It is a truth universally acknowledged that writing in the first-person throws up a whole load of different challenges to writing in the third-person. In first-person, every single word is a product of the mind of the protagonist, is in the voice of the protagonist – every description, every thought, every feeling. You don’t get to hop from mind to mind, POV to POV. You don’t get to pontificate, to be poetic, or to look on your protagonist as an object. Dammit, it’s tricky enough trying to get a physical description in there at all without using a rather contrived mirror sequence.

However, as well as the challenges, there are great joys to be had from writing first-person. Ask Raymond Chandler. Mark Twain (Huck Finn). Dog in the Night-time guy.

I’ve written two novels so far, Becoming Mary, my Pride and Prejudice sequel, and The Advice Lady, a northern noir with a young female sleuth (is northern noir a thing?). (It’ll be published soon, be calm, be patient)

Both of them are written in the first person, and here’s why.

1) Inner Turmoil. I love inner turmoil. And nothing expresses inner turmoil like the first-person pronoun. (Jane Eyre. I rest my case)

2) Unreliable Narrator. Everything in the action is seen through the eyes of your first-person protagonist. This will be by definition unreliable, as a subjective view is a subjective view.

In Mary’s case, the reader usually knows how wrong she is, and that (I submit) is part of the fun of the book; in The Advice Lady, Clare, the sleuth, is often in the dark, but so is the reader. Clare is a reliable narrator: her doubt is your doubt, her ignorance your ignorance. Such is the way of crime fiction. She’s not unreliable as such, just the blind leading the blind.

3) No snarky and omniscient narrator (this is a quote from someone who reviewed Becoming Mary on Amazon, and is not a Jane Austen fan….[weird that. I think they read it by accident]). Anyway, it’s an interesting one. In P and P, Jane Austen’s own well, yes, somewhat snarky voice is there right from the beginning, right there in your face. Let me explain….

Analysis time!

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Remember the first chapter of Pride and Prejudice? (of course you do! You wouldn’t be here otherwise). It opens:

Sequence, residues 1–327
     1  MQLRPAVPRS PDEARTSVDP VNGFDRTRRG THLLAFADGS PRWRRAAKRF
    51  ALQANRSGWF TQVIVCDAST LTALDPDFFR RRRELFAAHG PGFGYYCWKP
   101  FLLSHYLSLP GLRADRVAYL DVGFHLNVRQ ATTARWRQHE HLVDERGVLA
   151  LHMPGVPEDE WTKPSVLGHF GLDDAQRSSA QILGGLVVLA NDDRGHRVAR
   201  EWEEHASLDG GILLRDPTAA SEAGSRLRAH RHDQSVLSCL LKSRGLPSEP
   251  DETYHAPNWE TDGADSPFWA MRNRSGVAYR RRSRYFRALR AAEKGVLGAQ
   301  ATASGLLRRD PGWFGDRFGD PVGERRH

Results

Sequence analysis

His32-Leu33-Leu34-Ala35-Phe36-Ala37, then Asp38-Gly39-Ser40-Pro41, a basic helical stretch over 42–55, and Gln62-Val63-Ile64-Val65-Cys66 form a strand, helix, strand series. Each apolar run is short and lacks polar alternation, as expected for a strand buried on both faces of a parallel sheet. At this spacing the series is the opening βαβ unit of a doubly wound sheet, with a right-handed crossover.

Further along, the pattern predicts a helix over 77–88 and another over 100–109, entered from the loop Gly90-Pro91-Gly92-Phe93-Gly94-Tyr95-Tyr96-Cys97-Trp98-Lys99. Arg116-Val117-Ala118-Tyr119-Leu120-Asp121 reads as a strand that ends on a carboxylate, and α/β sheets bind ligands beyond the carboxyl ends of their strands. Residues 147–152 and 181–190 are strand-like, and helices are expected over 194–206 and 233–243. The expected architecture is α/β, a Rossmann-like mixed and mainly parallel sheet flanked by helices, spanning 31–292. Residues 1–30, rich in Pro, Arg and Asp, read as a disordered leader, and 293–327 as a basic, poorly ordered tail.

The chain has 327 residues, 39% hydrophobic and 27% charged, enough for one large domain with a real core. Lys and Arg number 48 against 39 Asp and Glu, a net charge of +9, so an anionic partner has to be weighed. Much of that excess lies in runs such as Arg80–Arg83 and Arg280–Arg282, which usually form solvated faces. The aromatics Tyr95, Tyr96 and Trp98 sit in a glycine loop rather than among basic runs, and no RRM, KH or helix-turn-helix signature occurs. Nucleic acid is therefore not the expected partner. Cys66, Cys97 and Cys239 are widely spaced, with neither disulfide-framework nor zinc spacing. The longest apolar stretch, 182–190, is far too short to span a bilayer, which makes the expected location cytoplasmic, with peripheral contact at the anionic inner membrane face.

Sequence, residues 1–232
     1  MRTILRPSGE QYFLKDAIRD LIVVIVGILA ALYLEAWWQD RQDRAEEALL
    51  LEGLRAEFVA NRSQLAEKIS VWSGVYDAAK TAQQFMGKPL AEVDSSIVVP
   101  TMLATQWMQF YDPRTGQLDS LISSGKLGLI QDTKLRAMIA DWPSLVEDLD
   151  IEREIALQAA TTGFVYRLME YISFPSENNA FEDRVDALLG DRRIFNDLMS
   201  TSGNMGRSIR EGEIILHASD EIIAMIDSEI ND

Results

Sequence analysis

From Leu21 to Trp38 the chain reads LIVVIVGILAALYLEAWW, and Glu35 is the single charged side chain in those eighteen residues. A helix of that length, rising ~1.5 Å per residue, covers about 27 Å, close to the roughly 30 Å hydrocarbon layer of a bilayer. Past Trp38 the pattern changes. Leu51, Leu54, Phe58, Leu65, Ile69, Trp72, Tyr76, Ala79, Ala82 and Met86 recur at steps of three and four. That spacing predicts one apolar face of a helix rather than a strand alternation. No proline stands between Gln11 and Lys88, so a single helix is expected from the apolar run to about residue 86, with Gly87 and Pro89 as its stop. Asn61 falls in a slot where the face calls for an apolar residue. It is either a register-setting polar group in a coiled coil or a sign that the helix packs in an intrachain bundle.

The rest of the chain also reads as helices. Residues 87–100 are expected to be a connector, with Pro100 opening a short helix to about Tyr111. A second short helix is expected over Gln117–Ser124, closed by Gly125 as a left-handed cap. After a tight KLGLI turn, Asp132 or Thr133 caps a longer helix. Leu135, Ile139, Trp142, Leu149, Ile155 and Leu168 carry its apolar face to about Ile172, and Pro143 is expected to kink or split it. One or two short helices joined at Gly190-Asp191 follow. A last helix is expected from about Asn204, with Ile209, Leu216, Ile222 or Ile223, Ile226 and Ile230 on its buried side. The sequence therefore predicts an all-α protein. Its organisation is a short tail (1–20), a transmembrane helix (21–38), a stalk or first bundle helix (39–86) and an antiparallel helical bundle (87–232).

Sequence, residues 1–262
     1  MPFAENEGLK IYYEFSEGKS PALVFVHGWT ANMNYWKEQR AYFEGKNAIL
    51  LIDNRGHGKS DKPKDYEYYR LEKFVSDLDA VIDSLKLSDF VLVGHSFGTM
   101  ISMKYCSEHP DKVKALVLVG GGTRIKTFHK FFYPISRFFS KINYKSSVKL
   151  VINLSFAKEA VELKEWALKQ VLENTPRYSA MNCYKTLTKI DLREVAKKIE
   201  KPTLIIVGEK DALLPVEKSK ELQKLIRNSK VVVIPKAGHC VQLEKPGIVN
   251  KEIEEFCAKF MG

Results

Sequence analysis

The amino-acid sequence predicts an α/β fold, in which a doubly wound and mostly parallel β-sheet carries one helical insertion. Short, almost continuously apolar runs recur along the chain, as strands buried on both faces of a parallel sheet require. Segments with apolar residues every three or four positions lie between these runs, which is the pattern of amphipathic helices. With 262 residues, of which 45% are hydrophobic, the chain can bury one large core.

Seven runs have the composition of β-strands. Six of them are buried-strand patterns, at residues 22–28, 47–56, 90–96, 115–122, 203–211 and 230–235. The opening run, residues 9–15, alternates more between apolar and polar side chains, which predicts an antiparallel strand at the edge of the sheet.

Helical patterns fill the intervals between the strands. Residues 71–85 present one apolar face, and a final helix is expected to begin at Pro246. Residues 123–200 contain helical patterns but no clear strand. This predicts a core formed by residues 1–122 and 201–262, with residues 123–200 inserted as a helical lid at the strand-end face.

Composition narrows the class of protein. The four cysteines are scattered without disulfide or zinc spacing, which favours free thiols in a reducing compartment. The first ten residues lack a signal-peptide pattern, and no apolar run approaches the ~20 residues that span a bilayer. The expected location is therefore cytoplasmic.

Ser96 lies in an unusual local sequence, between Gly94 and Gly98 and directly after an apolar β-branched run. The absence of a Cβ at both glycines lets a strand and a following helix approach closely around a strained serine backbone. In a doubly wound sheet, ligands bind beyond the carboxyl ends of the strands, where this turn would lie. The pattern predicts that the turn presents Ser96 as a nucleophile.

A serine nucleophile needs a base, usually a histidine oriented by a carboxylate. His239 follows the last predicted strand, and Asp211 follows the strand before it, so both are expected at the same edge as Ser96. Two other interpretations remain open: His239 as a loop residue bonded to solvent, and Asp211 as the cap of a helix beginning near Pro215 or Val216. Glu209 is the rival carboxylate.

“It is a truth universally acknowledged that a single man in possession of a good fortune must be in want of a wife.”

I don’t know the names of all the rhetorical tricks that are so densely packed into that sentence, but here’s my two cents.

It starts with a grand flourish – a truth – unarguable, almost an article of faith – universally acknowledged, like religion or something – an absolute, that everyone, yes, everyone, agrees on (how big is this universe?). So unless this is the opening of something like Fordyce’s Sermons, you’re already aware of the author’s sarcasm, and it’s already funny.

Then comes the bathos (you see I do know something – ‘from the sublime to the ridiculous’). From this grand, flourishing, absolute truth, you suddenly realise it’s actually about a little local difficulty, a specific person in a specific time and place; Jane Austen is observing a group of people with shared beliefs which they don’t see beyond, which are so basic to them that they have the quality of a universal truth. You can hear the assumptions and prejudices of Mrs Bennet straight away, and – clearly flagged up – the two inextricable issues of the novel: love and money, venality and romance.

That’s a helluva lot of info to get into one sentence. It’s then followed by a chapter where an enormous amount of information about both plot and character is revealed, in dialogue and in nuances and fragments. E.g.

You want to tell me, and I have no objection to hearing it.”

This was invitation enough.

How much that tiny exchange tells us about Mr and Mrs Bennet! – his laconic and sardonic manner, her obliviousness to his put-down and his irony, her eagerness to talk at any price. That’s only one example of many.

Come the end of the chapter, and Jane Austen herself steps out from behind the puppet theatre from where she has been manipulating the characters to tell us plainly:

 “Mr Bennet was so odd a mixture of quick parts, sarcastic humour, reserve, and caprice, that the experience of three and twenty years had been insufficient to make his wife understand his character. Her mind was less difficult to develope. She was a woman of mean understanding, little information, and uncertain temper. When she was discontented, she fancied herself nervous. The business of her life was to get her daughters married; its solace was visiting and news.”